“That combination can produce a party nomination in many cases,” he said. “General elections aren’t determined as easily by just money and name ID, since other basic factors come into play: the party balance of the constituency, the issues dominating the campaign, pluses and minuses of the other party nominee.
“But it’s a rare party chairman who wouldn’t happily settle for an intelligent, politically oriented celebrity to carry the party’s banner in most years.
“Notice I said ‘intelligent’ and ‘politically oriented,’” he added.
“Airheads and novices, famous or not, usually implode during a campaign. Fame and money help a person win, but in and of themselves, they aren’t enough.”
For one, a low-wattage campaign
“I’ve been thinking that in this campaign, we’ve had a pretty low-key campaign for celebrity endorsements,” said Craig Crawford, a columnist and special contributor for Congressional Quarterly, and an MSNBC analyst.
“I don’t think any of these candidates have turned on the celebrities — just as they haven’t turned on the voters.” It may be early yet, he suggested.
“Victory confers some degree of celebrity,” Crawford said. “Winning primaries and getting the attention of newsmagazine covers and such will help, but this is not a high-wattage group when it comes to the cult of personality.”
“I think that the novelty has worn off celebrity endorsements, to some extent,” said Crawford. “I think people are a little more jaded about celebrities endorsing politicians than they used to be.”
Overshadowed by supporting cast
To Crawford, one problem for candidates hoping to bask in the ambient glow of a celebrity’s presence is the chance of being upstaged by that candidate.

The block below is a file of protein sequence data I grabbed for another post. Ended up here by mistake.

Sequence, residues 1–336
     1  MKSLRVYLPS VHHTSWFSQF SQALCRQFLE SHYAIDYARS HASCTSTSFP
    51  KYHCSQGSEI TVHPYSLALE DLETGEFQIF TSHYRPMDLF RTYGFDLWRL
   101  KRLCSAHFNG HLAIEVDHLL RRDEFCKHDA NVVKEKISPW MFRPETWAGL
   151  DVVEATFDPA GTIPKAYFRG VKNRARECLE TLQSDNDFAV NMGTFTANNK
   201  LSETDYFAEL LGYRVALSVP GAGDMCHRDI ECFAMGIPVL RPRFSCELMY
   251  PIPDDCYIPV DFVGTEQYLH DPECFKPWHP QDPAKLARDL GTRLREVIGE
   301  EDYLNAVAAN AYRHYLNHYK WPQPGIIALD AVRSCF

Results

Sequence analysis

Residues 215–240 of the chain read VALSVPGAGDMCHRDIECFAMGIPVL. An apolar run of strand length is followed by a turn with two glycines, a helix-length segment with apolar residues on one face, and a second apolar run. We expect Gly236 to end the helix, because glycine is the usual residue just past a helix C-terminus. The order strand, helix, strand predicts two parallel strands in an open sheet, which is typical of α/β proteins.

“Candidates who aren’t celebrities themselves run a risk of campaigning with people who are bigger celebrities than they are,” Crawford said. “Bill Clinton could bring a celebrity along with him, and it’s a close call as to who’s the bigger celebrity.”
And sometimes, he said, the stardust factor of celebrity isn’t what it’s cracked up to be. “I remember being here [in Iowa] when Richard Gere was campaigning for Michael Dukakis in 1988,” Crawford said. “Those two didn’t even speak the same language. Gere would go on talking about the Dalai Lama, but Dukakis was utterly clueless.”
Crawford, who said he spent a month in California monitoring the Schwarzenegger gubernatorial campaign, noted what he saw as the irony of a relative absence of celebrities involved in that campaign — in the state where they’re all but a natural resource.
The one that got away
“I spent a month out there on that campaign, and I was constantly commenting on how the Hollywood people kept their distance from that campaign,” he said. “They were kind of a non-entity in the race.”
“The biggest problem with this field is that there are no celebrity candidates,” he said. “They haven’t been able to become celebrities even within the Democratic Party.”
In this presidential campaign, the celebrity candidate is a rare political event. For Crawford, the one celebrity conspicuous by her name and presence on everything — except the papers announcing intent to run — was Sen. Hillary Rodham Clinton, the one that got away.
“I spent a total of six hours watching Hillary Clinton — and there’s your celebrity,” Crawford said. “She was mobbed for autographs at the Jefferson-Jackson Dinner. She was the last one to leave the room.”